Iran's Chief Nuclear Negotiator 'We Have to Be Constantly on Guard'

The general secretary of Iran's Supreme National Security Council, Saeed Jalili, talks to SPIEGEL about allegations that Israel assassinated nuclear scientists in Tehran, the dangers of waging cyber warfare against Iran's nuclear facilities and the West's false expectations for upcoming negotiations in Istanbul.


SPIEGEL: Mr. General Secretary, to what extent is Iran threatened by foreign powers?

Jalili: Threatened? Are you serious? Iran is more stable than ever before. We have never been in a better political and economic position in the region. We now have more opportunities than ever.

SPIEGEL: We find this statement very surprising, in light of a number of attacks on Iranian nuclear scientists. Massoud Ali Mohammadi, a physicist, was murdered exactly a year ago. In late November, two bombs, which were meant to kill your nuclear experts Majid Shahriari and Fereidoun Abbasi, exploded almost simultaneously. All of this happened in the middle of Tehran. Hasn't a shadow war against Iran been underway for some time?

Jalili: When the enemy sees no other option, he resorts to the methods of terror. This is not a sign of strength, but of weakness.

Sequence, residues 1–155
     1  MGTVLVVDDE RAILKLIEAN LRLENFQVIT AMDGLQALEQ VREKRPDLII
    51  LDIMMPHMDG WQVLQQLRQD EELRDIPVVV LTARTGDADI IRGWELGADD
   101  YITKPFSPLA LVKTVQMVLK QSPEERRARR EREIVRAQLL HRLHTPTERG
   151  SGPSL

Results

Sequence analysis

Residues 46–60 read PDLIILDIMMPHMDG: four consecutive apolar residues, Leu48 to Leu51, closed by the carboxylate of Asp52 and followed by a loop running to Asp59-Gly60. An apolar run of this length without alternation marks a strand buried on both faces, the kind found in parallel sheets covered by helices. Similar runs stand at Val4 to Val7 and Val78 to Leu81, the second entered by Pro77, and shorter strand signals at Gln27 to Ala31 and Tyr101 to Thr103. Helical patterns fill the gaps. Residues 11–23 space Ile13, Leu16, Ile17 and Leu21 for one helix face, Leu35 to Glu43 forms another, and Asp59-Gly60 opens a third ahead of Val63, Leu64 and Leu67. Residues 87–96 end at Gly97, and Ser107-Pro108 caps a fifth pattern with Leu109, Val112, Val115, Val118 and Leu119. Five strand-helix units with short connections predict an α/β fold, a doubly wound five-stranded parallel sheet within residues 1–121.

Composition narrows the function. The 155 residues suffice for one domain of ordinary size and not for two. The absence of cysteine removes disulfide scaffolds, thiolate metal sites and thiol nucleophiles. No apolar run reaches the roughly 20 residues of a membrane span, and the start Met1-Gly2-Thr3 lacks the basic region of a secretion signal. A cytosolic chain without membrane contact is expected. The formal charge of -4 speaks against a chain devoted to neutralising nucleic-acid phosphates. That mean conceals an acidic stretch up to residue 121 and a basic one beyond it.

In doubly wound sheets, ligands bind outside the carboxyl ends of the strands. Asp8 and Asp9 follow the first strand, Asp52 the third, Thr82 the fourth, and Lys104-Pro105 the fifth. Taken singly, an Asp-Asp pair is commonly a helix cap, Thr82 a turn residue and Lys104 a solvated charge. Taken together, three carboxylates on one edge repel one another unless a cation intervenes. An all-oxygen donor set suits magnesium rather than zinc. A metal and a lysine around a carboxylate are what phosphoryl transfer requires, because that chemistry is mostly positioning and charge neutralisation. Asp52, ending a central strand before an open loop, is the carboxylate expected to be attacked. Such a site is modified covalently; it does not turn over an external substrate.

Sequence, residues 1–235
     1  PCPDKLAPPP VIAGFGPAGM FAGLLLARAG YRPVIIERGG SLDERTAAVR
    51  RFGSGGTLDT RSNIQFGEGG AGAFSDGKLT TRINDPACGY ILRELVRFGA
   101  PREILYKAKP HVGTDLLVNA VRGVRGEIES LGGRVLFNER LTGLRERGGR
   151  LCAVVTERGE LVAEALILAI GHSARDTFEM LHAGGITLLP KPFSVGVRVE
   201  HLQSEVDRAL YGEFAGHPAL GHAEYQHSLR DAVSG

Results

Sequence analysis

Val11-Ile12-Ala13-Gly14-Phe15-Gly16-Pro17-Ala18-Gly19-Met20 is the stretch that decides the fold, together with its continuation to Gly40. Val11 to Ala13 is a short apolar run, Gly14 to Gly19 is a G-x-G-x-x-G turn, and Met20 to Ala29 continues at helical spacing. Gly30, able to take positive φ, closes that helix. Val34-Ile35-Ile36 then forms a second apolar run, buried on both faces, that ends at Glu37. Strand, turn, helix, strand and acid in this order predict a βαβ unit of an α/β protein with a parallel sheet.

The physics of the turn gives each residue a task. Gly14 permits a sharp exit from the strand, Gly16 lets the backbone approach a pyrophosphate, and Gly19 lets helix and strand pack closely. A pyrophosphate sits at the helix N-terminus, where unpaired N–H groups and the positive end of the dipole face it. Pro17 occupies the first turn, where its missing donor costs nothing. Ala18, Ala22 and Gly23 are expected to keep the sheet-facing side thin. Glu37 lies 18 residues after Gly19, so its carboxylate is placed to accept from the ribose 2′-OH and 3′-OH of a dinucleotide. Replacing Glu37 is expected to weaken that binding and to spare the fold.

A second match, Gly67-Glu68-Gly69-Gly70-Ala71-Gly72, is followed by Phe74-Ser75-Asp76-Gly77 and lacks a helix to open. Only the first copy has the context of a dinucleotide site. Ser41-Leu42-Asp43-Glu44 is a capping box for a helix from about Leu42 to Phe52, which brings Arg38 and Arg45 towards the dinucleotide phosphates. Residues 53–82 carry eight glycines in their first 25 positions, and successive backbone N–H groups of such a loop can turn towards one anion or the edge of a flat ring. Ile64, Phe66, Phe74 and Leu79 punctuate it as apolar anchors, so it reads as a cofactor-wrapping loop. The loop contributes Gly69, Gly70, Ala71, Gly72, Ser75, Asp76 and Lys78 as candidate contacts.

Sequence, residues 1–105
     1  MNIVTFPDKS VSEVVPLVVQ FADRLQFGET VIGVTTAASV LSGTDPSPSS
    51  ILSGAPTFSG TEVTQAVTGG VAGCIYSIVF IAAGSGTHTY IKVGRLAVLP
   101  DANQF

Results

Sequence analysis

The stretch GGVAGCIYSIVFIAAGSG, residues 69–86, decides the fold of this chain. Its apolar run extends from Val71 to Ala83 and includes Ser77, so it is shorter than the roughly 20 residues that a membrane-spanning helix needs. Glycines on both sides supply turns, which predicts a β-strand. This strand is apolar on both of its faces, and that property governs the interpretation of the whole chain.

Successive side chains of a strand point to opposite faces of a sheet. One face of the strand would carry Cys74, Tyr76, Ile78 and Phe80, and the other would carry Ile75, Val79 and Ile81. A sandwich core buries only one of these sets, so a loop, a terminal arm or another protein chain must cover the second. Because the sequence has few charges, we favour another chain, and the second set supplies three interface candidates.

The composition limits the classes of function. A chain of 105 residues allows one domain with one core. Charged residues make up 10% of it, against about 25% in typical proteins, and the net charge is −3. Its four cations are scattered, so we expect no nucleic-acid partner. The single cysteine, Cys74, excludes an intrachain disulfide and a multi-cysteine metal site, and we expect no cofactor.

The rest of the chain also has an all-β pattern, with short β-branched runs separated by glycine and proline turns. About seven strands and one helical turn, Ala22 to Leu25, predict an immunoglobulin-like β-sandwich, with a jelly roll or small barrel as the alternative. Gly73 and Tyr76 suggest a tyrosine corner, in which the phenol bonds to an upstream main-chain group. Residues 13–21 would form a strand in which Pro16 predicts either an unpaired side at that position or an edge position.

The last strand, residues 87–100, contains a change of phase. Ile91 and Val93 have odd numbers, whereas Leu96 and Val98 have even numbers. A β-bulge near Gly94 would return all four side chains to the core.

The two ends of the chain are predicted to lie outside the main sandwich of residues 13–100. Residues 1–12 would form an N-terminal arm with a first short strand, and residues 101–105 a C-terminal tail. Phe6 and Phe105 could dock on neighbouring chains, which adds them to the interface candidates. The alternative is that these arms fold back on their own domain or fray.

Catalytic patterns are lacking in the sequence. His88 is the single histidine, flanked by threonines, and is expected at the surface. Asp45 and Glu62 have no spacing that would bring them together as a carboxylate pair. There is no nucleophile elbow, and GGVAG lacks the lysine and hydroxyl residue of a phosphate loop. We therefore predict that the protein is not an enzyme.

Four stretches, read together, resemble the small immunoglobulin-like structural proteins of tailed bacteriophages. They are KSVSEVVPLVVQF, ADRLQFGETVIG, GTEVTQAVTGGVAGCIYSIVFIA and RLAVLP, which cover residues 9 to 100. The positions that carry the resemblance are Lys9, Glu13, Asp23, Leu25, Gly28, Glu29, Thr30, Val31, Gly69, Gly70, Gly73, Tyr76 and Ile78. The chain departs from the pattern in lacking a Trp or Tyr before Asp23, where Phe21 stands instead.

SPIEGEL: The fact that such assassinations are even possible mainly reveals one thing, namely that the Iranian security apparatus is no longer capable of protecting the nuclear program's key experts.

Jalili: Terror exists all over the world. Only last year, we managed to destroy a group in the eastern part of the country where, with US support, it had committed bomb attacks with many civilian casualties. Compare that success with the situation of those who, for the last 10 years, have claimed to be fighting terrorism in Afghanistan. They have achieved nothing. We, on the other hand, dealt a serious blow against those enemies who killed our nuclear scientists -- we destroyed a network of Zionist spies.

SPIEGEL: Do you have any proof of this?

Jalili: Yes. We were able to arrest 10 people and we will put them on trial. We possess photos, videos and statements that prove their guilt. We have information about the locations where they were trained. All of this took place within the Zionist regime.

SPIEGEL: Are you claiming that the Israeli intelligence service Mossad recruited Iranians and trained them in Israel?

Jalili: They were trained there for the attacks. They then returned to Iran via a third country to conduct their cowardly operations. We also expect our neighboring countries to be vigilant to prevent this sort of thing. We have turned to international bodies and asked for their support. This state-sponsored terrorism must be condemned. The role of the United Nations Security Council also needs to be examined.

SPIEGEL: What do you mean by that?

Jalili: The UN's sanction lists include the names of many of our leading scientists …

SPIEGEL: … because they hold important positions in Iran's controversial nuclear program and are doing dangerous work …